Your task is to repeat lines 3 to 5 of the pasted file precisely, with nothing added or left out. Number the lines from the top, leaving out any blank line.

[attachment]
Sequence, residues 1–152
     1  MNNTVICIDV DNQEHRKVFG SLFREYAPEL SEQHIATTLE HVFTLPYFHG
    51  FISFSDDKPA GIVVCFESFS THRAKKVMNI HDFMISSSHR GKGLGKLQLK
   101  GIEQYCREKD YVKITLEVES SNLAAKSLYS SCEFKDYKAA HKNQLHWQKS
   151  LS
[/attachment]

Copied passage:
    51  FISFSDDKPA GIVVCFESFS THRAKKVMNI HDFMISSSHR GKGLGKLQLK
   101  GIEQYCREKD YVKITLEVES SNLAAKSLYS SCEFKDYKAA HKNQLHWQKS
   151  LS